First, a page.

Everything that I’ve explained at the top, basically culminates to this table.
Also, note that it says average PE of its peer group is 11.8. I’ve used 10x in my projections for Geo previously, to be conservative.
Moving on to something different now, I’ve previously said I’m monitoring the results of my options activities. I’ve reported the results from the 1st month, and yesterday concludes the 2nd month. So this is a continuation of the previous post:
BBR Holdings FY17Q1, Geo Energy Resources FY17Q1, Results From Options Strategy (1 month)
Total cashflow received from 12/04/2017 – 12/05/2017: US$13,657.25
Since then, I’ve done this:

Total cashflow received from 13/05/2017 – 13/06/2017: US$13,911.82
Pretty consistent.
Frankly, I’m tabulating the results right now as I write this post, for the 1st time. And I’m surprised. Cos it felt like the progress is slower and results are poorer compared to the prior month. Cos this month has been a more of a down period compared to the prior month, and my 1st impression is that my strategy seems to sputter a bit when markets are severely down.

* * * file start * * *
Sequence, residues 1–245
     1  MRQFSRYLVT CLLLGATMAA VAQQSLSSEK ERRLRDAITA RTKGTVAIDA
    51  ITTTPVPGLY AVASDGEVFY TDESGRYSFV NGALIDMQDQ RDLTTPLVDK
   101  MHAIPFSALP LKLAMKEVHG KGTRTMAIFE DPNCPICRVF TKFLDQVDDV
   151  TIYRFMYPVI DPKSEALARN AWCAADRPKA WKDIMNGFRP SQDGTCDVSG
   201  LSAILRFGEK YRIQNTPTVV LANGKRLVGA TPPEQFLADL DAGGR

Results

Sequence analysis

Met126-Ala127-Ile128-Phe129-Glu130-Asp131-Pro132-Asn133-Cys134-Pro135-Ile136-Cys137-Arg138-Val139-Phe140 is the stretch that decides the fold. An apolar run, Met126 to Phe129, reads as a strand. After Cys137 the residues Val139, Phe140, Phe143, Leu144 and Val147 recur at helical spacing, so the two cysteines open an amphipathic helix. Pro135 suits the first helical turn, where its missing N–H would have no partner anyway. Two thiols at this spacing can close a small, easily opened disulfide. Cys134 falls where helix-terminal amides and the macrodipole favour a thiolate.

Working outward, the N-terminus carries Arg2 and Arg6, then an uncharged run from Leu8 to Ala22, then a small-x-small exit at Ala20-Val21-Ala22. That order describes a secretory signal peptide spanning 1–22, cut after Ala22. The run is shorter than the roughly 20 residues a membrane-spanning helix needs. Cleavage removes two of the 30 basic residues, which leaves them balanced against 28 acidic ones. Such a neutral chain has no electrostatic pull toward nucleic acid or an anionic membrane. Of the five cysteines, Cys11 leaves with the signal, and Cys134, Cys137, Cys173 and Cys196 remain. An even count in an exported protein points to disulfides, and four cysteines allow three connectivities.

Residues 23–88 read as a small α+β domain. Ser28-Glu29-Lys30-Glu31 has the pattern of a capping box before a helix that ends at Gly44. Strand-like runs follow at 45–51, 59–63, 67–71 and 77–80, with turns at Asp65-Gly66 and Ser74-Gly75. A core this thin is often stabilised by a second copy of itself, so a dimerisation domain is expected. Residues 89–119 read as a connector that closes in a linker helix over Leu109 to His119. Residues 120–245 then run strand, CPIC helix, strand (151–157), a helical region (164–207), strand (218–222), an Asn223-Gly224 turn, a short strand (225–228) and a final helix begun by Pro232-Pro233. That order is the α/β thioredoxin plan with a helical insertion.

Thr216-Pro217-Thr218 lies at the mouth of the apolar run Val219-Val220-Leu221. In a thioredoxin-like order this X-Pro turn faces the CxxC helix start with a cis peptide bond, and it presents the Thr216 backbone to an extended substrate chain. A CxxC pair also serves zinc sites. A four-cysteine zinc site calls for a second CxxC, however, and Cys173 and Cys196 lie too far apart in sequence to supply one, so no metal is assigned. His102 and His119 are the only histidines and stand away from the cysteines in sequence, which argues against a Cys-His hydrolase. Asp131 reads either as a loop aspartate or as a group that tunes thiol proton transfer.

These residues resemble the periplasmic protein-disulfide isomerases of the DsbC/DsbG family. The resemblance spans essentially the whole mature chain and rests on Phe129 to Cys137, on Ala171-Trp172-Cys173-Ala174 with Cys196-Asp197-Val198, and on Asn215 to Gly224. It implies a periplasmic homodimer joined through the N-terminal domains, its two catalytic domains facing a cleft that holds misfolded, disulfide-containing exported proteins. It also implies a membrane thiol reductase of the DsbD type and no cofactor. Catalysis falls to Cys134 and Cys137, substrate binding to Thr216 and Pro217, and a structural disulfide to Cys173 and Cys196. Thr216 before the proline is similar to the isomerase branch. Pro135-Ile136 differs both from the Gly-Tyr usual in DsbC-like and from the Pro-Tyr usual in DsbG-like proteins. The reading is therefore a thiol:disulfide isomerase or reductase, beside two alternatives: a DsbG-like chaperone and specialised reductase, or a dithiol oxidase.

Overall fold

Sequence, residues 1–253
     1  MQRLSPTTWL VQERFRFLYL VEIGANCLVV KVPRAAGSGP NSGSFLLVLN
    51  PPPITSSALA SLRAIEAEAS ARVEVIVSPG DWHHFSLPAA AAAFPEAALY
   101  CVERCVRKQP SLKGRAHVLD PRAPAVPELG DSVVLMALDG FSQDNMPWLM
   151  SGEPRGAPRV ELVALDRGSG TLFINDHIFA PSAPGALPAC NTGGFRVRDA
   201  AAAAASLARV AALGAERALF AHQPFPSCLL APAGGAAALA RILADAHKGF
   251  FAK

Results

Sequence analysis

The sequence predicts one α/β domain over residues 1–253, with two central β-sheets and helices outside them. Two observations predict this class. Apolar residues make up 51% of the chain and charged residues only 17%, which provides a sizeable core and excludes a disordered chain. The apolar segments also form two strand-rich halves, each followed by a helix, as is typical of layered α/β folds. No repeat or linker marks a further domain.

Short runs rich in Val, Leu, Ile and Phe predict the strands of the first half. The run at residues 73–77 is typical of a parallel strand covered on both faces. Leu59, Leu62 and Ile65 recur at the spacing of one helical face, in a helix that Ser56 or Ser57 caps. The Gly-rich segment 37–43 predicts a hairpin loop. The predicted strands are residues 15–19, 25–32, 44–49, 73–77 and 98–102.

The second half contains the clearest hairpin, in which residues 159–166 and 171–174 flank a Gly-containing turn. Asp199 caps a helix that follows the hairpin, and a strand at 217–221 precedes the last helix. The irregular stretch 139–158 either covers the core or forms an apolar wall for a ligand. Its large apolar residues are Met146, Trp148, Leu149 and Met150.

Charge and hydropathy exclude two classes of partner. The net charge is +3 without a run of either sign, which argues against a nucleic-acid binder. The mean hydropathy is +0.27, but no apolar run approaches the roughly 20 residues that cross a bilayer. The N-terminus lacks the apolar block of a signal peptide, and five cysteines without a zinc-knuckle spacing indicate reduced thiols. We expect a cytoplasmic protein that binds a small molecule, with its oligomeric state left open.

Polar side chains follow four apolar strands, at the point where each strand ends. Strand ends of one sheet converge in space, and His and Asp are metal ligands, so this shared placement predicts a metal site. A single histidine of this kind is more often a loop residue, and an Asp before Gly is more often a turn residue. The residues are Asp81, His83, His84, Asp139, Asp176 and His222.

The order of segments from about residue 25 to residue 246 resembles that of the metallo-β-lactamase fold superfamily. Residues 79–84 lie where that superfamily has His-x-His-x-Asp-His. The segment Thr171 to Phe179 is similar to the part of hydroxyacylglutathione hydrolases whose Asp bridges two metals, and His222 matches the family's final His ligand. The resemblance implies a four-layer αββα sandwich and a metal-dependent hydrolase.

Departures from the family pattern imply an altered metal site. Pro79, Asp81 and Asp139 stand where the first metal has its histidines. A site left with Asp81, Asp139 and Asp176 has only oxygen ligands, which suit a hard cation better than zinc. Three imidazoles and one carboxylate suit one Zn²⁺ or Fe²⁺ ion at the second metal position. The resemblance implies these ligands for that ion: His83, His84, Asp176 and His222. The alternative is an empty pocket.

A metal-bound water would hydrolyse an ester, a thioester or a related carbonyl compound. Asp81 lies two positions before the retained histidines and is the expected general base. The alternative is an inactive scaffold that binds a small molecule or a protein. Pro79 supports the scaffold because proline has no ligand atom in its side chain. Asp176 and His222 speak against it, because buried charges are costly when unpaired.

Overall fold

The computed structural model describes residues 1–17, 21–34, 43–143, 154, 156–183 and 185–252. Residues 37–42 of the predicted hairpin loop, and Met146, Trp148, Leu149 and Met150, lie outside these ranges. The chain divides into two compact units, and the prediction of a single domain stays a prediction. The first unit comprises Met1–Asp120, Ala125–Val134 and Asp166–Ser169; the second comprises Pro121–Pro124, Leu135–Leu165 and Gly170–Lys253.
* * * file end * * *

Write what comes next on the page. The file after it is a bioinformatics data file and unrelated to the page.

In fact, I realized there’s a slight flaw in what I’m doing. I’ve been keeping the call options that’ve been exercised as open columns, and thus, been compelled to sell put options on those positions. Going forward, I’ll be attempting to keep it more “asset lite” (if I can put it that way), by eliminating exercised call option positions, so that when the market goes down, I’d have more capital to capitalize.